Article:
Following the progress in computing and machine learning algorithms as well as the emergence of big data, artificial intelligence (AI) has become a reality impacting every fabric of our algorithmic society. Despite the explosive growth of machine learning, the common misconception that machines operate on zeros and ones, therefore they should be objective, still holds. But then, why does Google Translate convert these Turkish sentences with gender-neutral pronouns, “O bir doktor. O bir hemşire”, to these English sentences, “He is a doctor. She is a nurse”? As data-driven machine learning brings forth a plethora of challenges, I analyze what could go wrong when algorithms make decisions on behalf of individuals and society if they acquire statistical knowledge of language from historical human data.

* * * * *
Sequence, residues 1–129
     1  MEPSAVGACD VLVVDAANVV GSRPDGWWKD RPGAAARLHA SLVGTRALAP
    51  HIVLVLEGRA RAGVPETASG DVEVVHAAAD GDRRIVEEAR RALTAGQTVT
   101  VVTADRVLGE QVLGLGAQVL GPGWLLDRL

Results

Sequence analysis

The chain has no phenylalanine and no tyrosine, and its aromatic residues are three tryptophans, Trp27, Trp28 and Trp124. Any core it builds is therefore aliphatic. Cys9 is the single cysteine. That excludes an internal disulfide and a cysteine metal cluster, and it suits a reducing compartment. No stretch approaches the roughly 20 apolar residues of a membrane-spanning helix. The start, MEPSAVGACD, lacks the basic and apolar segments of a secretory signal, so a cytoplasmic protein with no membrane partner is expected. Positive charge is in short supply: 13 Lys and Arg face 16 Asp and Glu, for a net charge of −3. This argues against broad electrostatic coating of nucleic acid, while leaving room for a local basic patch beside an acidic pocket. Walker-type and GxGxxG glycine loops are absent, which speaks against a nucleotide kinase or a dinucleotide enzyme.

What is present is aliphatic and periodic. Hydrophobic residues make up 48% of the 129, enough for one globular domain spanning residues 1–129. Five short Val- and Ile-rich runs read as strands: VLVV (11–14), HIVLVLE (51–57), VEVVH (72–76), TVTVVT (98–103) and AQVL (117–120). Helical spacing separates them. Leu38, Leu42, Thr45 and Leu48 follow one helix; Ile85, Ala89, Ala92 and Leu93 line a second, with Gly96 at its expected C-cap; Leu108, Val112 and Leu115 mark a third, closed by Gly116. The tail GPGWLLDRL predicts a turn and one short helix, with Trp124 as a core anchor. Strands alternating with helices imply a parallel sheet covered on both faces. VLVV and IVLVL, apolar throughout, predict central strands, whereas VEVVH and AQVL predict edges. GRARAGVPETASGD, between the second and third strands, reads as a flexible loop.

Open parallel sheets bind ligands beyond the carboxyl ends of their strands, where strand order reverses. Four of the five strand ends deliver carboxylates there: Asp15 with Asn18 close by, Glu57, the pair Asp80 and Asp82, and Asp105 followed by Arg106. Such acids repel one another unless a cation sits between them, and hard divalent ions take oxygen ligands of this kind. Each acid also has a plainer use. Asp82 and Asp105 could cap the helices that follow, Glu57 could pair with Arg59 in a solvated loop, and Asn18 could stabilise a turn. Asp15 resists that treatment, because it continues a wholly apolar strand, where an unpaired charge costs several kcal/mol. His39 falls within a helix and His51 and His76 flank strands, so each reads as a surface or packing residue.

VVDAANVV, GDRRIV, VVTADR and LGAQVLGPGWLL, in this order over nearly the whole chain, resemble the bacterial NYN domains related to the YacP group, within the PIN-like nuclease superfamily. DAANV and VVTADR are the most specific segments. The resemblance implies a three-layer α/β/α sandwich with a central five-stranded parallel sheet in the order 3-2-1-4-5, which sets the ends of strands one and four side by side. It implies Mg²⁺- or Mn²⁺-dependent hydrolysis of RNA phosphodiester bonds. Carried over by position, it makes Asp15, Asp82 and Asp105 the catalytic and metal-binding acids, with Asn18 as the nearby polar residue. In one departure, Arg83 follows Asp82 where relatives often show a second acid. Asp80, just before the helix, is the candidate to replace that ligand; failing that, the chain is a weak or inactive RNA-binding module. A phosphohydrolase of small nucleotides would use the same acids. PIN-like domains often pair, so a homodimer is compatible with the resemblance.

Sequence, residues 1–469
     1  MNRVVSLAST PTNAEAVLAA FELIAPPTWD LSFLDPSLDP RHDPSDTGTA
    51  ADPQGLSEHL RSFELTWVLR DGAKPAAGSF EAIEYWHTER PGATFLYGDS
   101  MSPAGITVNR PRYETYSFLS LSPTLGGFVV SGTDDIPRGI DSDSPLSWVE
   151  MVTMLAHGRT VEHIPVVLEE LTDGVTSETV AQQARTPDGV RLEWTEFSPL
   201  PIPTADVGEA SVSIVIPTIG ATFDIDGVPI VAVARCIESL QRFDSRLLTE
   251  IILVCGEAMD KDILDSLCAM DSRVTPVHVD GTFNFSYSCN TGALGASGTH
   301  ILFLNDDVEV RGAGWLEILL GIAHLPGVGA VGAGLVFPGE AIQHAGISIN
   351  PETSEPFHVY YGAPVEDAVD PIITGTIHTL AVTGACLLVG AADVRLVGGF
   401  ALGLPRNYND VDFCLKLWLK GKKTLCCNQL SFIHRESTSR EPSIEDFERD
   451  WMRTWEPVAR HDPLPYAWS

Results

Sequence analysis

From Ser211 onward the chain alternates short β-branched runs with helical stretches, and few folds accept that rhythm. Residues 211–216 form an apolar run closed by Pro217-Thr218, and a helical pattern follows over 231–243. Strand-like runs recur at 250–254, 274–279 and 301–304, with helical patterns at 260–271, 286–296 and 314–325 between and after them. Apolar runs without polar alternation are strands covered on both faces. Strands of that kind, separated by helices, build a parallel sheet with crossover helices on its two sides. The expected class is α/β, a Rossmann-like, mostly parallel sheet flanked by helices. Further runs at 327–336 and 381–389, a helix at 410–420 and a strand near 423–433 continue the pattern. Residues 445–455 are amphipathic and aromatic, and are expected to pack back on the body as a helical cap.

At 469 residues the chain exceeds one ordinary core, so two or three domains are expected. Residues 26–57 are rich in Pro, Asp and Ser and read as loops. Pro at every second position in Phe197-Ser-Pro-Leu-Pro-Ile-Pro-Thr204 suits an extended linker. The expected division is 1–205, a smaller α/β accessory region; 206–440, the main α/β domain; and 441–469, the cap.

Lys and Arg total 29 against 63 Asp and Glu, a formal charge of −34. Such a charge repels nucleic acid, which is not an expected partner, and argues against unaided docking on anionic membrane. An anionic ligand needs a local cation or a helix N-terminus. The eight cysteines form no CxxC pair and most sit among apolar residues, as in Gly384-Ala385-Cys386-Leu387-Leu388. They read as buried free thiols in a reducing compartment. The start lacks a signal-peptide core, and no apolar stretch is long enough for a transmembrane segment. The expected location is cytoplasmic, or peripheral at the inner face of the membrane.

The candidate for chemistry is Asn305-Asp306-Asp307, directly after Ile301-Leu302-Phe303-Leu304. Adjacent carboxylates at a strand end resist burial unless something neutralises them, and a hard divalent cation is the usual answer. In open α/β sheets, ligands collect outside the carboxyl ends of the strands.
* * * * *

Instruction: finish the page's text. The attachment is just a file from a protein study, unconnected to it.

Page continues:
In this talk, I show how we can repurpose machine learning as a scientific tool to discover facts about artificial and natural intelligence, and assess social constructs. I prove that machines trained on societal linguistic data inevitably inherit the biases of society. To do so, I derive a method that investigates the construct of language models trained on billions of sentences collected from the World Wide Web. I conclude the talk with future directions and open research questions in the field of ethics of machine learning.